“Miss Vicky, as I affectionately named her, is a soulful lady with a little edginess,” says Angela Medlin by way of introduction to her 1906 Victorian cottage in Portland, Oregon’s Sunnyside. Medlin is a fashion designer and self-described “creativepreneur” specializing in sportswear: a series of job overseeing apparel collections for Adidas and Nike’s Jordan Brand are what led her to relocate to Portland, Oregon—three different times. She’s currently staying put, living and working in Miss Vicky.
Medlin bought her house five years ago—”I was renting a place around the corner and drove by as the broker was staking the For Sale sign in the ground”—and what began as a purely cosmetic remodel ended up, as they so often so, requiring unanticipated structural work. Seven months later, Medlin came away with a new kitchen (and foundation under it) and an entirely different looking house: in place of the “mustard and ketchup” exterior, she introduced a stately, unifying charcoal black.
Photography courtesy of Schoolhouse Electric, unless noted.
“My friends and family will tell you, they were not convinced by my vision,” Medlin tells us. “Ha ha, Miss Vicky just needed some love. As a non-traditional designer, I followed my instincts and chose color to reimagine the look of this traditional house.”
Medlin grew up in Hamlet, North Carolina. Her mother and grandparents encouraged her love of drawing— and she went on to study fashion and environmental design at NC State. In 2017, after 25 years in the corporate world—designing and directing creative teams for among others, The North Face and Levi Strauss—she founded the Functional Apparel and Accessories Studio (FAAS), an educational program that’s now part of Portland’s Pensole Design Academy, where Medlin is currently busy teaching and mentoring: “The school nurtures and promotes diversity,” she says. “We prepare the next generation of specialized designers to enter the apparel arena.”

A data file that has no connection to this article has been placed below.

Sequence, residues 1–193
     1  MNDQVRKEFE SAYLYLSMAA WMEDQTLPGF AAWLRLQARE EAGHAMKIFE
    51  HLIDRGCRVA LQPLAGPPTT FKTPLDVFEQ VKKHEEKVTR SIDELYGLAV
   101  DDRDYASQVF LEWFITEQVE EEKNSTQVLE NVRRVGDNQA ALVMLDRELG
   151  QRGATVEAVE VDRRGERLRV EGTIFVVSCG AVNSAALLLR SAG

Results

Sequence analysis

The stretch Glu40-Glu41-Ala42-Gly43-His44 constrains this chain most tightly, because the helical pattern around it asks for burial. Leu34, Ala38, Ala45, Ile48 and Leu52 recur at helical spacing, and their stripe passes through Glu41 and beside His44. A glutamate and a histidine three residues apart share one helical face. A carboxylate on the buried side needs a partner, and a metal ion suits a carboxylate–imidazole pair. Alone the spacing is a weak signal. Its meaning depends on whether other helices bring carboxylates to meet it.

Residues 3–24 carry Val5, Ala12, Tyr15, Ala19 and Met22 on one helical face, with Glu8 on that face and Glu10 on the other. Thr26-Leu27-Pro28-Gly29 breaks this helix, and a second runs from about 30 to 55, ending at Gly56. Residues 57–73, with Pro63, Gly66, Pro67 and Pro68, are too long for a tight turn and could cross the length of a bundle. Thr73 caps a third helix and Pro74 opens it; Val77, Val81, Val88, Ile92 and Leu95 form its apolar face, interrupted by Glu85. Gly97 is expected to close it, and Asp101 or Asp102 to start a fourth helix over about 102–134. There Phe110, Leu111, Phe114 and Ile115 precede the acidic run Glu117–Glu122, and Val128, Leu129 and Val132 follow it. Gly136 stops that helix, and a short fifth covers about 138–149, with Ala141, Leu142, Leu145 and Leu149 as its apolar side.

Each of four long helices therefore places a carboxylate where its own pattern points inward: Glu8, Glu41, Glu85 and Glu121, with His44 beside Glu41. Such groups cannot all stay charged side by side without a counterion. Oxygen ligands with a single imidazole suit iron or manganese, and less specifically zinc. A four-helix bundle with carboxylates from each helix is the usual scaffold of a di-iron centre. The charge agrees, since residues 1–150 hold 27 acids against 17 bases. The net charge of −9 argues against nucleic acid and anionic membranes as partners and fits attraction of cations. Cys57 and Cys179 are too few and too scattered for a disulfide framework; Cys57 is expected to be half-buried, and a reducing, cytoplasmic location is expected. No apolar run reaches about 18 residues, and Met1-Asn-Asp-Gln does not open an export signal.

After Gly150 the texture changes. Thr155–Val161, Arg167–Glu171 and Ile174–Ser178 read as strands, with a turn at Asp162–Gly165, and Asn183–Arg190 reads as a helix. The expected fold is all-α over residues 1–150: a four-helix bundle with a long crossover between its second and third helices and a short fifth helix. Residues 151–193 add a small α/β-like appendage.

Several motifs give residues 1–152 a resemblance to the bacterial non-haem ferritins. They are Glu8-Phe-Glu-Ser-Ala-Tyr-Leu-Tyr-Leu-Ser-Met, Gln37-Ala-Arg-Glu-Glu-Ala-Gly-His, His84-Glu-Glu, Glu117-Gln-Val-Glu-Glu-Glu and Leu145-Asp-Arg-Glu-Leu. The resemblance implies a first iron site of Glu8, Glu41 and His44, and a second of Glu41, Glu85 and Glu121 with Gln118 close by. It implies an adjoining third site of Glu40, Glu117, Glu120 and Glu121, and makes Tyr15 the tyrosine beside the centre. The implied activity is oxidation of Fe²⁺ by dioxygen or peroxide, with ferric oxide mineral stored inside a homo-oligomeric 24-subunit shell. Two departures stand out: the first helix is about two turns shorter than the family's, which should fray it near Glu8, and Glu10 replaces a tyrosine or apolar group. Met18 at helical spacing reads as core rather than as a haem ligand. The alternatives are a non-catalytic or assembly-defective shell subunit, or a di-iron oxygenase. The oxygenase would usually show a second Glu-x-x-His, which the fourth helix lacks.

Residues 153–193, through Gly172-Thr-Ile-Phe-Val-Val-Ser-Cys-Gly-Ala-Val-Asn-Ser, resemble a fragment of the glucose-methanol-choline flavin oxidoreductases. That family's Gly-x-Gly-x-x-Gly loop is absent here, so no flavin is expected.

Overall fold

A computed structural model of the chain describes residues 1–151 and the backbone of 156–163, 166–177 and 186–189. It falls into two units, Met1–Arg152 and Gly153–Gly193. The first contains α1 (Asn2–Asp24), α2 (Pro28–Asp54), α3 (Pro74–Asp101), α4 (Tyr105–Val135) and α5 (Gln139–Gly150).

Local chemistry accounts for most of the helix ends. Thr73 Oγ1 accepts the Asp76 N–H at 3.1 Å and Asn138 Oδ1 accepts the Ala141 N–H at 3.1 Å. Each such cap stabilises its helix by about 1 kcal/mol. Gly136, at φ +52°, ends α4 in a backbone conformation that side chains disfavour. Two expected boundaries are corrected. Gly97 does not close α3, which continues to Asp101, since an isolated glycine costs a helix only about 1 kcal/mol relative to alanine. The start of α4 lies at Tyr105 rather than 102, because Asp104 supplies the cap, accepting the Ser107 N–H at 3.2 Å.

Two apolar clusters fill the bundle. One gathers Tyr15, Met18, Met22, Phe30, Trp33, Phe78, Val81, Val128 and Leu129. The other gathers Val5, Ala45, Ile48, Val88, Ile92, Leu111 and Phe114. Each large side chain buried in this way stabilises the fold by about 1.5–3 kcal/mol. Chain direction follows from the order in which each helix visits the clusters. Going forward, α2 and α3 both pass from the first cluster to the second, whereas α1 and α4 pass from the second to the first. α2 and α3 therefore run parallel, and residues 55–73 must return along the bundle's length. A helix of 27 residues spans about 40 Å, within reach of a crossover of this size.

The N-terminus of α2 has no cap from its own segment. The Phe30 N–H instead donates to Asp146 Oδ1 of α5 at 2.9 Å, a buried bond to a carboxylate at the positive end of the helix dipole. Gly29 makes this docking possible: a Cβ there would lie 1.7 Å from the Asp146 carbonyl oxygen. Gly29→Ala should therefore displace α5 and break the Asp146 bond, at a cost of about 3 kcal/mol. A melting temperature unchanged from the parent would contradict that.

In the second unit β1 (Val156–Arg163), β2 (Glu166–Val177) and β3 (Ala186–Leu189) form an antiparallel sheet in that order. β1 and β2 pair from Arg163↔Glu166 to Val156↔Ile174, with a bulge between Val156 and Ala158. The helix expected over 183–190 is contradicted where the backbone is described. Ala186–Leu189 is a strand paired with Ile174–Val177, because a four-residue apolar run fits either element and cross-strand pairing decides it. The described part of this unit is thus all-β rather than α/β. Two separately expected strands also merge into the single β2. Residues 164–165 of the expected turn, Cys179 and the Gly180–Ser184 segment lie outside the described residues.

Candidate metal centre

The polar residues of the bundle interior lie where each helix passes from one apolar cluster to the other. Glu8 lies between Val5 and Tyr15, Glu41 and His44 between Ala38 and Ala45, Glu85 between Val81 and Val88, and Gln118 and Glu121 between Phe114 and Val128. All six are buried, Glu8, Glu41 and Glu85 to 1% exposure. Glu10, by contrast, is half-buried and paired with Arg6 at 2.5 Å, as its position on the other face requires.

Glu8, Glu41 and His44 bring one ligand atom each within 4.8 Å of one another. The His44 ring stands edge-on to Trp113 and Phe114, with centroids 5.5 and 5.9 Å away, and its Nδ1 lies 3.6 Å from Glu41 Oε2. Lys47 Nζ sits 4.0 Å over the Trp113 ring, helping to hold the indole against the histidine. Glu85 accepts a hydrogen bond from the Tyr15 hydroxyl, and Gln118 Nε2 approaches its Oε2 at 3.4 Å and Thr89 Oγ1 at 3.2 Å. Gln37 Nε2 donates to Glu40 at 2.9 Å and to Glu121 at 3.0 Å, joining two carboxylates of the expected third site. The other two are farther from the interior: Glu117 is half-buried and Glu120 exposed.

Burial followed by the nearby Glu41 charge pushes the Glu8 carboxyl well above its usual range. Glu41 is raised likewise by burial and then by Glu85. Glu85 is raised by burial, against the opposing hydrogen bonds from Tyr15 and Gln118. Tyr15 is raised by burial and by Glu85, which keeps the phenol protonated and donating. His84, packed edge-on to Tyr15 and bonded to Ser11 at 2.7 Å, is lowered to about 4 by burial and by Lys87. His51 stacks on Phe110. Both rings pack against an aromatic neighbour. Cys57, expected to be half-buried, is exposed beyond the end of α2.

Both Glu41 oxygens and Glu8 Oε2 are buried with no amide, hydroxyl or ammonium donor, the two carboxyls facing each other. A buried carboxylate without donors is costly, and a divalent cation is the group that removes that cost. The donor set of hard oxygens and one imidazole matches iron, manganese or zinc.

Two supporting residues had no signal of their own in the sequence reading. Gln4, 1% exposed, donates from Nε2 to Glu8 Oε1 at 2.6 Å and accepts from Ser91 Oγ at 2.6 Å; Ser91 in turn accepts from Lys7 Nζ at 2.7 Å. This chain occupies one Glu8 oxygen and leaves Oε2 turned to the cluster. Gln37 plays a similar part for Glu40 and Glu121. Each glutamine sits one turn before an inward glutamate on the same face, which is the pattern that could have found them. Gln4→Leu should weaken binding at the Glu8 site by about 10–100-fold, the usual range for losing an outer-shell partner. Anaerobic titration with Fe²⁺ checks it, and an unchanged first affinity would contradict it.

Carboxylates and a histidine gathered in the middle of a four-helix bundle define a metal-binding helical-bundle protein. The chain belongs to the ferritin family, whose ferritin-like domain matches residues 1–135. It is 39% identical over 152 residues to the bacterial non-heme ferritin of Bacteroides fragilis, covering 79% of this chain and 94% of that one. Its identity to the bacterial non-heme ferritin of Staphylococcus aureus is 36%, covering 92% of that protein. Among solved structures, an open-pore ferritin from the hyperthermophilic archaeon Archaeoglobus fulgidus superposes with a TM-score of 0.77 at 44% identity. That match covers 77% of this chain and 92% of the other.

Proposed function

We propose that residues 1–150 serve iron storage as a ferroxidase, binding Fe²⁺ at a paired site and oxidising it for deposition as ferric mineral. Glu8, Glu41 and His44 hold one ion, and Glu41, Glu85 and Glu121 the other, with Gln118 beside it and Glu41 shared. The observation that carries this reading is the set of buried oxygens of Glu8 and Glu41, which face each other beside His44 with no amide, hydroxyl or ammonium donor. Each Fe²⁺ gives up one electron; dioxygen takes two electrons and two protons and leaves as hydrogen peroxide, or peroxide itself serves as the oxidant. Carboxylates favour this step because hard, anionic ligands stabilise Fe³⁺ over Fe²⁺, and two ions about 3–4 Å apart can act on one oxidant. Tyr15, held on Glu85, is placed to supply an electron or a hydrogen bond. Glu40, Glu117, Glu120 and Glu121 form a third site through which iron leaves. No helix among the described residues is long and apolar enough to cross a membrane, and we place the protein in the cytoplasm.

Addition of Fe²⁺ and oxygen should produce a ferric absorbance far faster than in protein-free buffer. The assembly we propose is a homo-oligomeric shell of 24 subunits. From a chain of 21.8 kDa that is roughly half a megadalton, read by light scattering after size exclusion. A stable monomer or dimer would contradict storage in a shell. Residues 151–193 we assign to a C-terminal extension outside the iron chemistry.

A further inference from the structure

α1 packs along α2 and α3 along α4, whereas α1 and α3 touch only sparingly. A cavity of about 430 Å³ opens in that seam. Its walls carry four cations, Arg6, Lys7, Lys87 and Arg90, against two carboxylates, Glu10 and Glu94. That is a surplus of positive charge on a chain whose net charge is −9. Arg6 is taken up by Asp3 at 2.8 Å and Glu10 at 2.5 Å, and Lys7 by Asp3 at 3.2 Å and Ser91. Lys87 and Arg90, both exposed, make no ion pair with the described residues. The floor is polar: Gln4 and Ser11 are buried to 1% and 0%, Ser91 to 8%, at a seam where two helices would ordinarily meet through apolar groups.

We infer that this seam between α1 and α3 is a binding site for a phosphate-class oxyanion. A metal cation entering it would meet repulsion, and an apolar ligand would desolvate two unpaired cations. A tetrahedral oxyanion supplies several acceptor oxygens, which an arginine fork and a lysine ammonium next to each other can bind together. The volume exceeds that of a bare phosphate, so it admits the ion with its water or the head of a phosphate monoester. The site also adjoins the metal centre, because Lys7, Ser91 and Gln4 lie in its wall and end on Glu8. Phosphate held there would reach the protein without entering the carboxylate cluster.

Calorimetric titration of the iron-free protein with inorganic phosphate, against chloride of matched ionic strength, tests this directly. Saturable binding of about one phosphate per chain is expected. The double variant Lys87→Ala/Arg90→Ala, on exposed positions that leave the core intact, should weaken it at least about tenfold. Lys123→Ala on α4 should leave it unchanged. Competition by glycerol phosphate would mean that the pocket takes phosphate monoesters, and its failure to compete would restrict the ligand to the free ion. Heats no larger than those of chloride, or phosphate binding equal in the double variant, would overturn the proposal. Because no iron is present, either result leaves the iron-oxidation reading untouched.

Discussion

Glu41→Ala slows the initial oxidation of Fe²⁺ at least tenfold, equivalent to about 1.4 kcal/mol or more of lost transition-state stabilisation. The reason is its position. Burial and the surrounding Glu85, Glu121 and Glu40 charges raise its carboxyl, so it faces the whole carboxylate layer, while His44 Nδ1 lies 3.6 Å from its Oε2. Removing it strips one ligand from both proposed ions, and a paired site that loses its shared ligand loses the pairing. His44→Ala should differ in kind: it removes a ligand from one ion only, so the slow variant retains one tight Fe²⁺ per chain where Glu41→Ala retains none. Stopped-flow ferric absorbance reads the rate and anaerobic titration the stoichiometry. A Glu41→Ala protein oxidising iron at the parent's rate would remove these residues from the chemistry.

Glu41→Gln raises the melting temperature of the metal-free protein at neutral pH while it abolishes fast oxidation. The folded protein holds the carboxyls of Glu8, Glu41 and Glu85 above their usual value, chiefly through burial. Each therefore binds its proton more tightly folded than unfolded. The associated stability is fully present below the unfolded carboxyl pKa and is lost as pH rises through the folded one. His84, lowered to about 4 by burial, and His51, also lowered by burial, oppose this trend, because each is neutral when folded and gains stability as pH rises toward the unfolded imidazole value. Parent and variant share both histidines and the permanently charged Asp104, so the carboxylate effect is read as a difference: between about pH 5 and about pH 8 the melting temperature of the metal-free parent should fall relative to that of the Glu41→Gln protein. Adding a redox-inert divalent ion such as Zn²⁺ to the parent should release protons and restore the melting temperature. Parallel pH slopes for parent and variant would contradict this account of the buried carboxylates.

Here, she had shelves built on the dining room wall and painted them white “so the books looks like they’re floating.” Of her horizontal stacks she says: “It’s easier to look at them this way—you don’t have to turn your head sideways to read the titles. I’m a very logical person.” The house is approximately 2,5oo square feet, and as a contrast to the exterior, the interior is just about all white—Sherwin Williams’ White Duck, a shade Medlin settled on after testing 15 options on each wall. “I like that it adds perceived space and it’s the canvas that brings everything together in a relaxed way.”